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Durham University

IBRU: Centre for Borders Research

Boundary news

Indonesia and Philippines treaty to delimit maritime EEZ

(16 August 2019)

An agreement establishing the boundary between the overlapping exclusive economic zones (EEZs) of the Philippines and Indonesia came into force on 1 August 2019 following 2 decades of negotiation between the two nations.

The Agreement, which was first discussed in June 1994, was formally signed by the two states in May 2014 and ratified in 2017. It entered into force at a special ceremony, which took place at the 52nd ASEAN Foreign Ministers Meeting in Bangkok, Thailand where Philippines Foreign Affairs Secretary Teodoro Locsin Jr. and Indonesian Foreign Minister Retno Marsudi signed the ‘Protocols of Exchange of the instruments of ratification concerning the delimitation of the countries’ EEZs.’.

In the agreement, the National Mapping and Resource Information Authority of the Department of Environment and Natural Resources and its Indonesian counterpart, the Geospatial Information Agency and the Hydro-Oceanographic Office of the Indonesian Navy, commit to working together to determine the actual delineation of the sea points and geodetic lines between the two countries.

In a statement, the Philippines Department for Foreign Affairs said:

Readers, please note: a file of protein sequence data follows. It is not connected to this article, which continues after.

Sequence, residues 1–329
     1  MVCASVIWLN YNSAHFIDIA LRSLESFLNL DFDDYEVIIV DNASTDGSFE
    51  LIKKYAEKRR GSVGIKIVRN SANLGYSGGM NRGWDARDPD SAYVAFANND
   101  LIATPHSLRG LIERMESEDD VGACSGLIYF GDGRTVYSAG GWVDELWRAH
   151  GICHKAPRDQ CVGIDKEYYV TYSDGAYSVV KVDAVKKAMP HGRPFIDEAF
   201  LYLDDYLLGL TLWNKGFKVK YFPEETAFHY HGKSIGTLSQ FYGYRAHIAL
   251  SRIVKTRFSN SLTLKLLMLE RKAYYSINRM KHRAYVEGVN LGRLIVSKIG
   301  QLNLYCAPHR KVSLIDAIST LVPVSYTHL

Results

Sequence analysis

“Wide overlaps in the EEZ of the Philippines and Indonesia, which run across the Mindanao Sea and Celebes Sea, and in the southern section of the Philippine Sea in the Pacific Ocean, required the two countries to negotiate and agree on a shared boundary.”

"The agreement is expected to benefit both countries, economically and politically, by promoting more bilateral cooperation in the EEZ in order to advance the common interest of managing and preserving the resources in the EEZ and further strengthening maritime security cooperation between the two countries."

Both countries are parties to the 1982 United Nations Convention on the Law of the Sea (UNCLOS) and are entitled to EEZs of 200 nautical miles. Under the convention, states have sovereign rights to explore and exploit, and conserve and manage natural resources, within their EEZ.


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